Energy-Efficient Light Bulbs Might Cause Skin Damage, Study Suggests


Energy-efficient compact fluorescent light bulbs, or CFLs, are a popular choice for homeowners and businesses looking for ways to reduce their electricity bills.

But researchers at Stony Brook University in New York have discovered CFLs have a darker side, too: The lamps emit surprisingly high levels of ultraviolet (UV) radiation, which can damage skin cells and, at high exposure levels, cause cancer, according to CBS Miami.

To test the safety of the light bulbs, researchers exposed healthy human skin cells to light from the CFLs, and compared that to the effect that older-style incandescent light bulbs had on the same skin cells.

Their analysis showed that skin cells exposed to the CFLs experienced significant damage. "The results were that you could actually initiate cell death," Marcia Simon, professor of dermatology at Stony Brook University, told CBS Miami. (Skin cells exposed to the incandescent bulbs suffered no significant damage.)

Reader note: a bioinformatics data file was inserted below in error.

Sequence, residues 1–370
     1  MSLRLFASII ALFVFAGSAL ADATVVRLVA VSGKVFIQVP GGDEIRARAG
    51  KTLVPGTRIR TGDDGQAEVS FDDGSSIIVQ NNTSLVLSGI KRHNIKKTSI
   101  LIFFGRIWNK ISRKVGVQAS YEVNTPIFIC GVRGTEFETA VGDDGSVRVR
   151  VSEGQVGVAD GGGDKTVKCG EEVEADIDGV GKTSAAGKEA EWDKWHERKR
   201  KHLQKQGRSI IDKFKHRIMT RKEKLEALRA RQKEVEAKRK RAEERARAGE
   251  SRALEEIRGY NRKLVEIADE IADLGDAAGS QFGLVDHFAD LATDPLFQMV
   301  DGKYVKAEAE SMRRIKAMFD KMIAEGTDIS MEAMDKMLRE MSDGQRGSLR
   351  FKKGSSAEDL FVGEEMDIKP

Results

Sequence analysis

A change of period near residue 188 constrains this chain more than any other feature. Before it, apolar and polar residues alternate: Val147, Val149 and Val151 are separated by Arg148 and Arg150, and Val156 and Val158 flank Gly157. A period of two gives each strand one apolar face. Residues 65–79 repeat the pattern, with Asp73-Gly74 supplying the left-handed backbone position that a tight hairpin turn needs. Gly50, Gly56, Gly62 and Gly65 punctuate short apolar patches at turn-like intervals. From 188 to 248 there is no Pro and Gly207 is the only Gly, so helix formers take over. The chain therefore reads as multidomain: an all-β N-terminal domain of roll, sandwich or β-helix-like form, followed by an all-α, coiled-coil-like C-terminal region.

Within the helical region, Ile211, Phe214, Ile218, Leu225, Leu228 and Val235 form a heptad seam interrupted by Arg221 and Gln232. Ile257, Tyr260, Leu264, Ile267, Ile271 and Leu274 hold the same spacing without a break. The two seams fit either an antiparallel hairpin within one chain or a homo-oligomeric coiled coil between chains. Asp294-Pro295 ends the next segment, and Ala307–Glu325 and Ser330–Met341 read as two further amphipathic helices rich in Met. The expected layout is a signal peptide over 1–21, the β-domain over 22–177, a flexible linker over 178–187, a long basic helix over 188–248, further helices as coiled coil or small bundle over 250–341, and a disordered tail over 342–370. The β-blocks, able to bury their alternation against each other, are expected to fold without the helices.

Researchers also believe they know the cause of the UV damage: tiny cracks in the coating inside the CFL bulbs allowed UV radiation to leak out, CBS Miami reports.

CFL manufacturers refute the Stony Brook researchers' finding, issuing a statement claiming that "the levels of UV radiation emitted are acceptably low," and the light bulbs are safe for normal use, according to CBS Miami.

CFL light bulbs also contain small amounts of mercury, a toxic element that's been linked to nerve damage, birth defects and other health risks. So despite their energy-efficiency, CFL lamps' green credentials are in question, making long-lasting, energy-saving LED lights a brighter option for many consumers.

Follow LiveScience on Twitter @livescience. We're also on Facebook & Google+.

Marc Lallanilla
Live Science Contributor
Marc Lallanilla has been a science writer and health editor at and a producer with His freelance writing has appeared in the Los Angeles Times and Marc has a Master's degree in environmental planning from the University of California, Berkeley, and an undergraduate degree from the University of Texas at Austin.